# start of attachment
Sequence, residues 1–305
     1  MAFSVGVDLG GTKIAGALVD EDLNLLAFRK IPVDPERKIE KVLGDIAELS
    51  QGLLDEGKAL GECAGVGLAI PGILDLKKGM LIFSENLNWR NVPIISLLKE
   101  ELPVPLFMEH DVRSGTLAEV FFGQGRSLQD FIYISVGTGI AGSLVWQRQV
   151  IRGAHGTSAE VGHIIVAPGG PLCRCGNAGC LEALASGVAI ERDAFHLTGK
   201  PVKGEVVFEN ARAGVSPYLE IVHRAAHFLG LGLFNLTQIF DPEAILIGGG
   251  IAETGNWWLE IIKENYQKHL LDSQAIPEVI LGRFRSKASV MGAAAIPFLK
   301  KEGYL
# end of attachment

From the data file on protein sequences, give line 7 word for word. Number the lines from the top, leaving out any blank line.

   251  IAETGNWWLE IIKENYQKHL LDSQAIPEVI LGRFRSKASV MGAAAIPFLK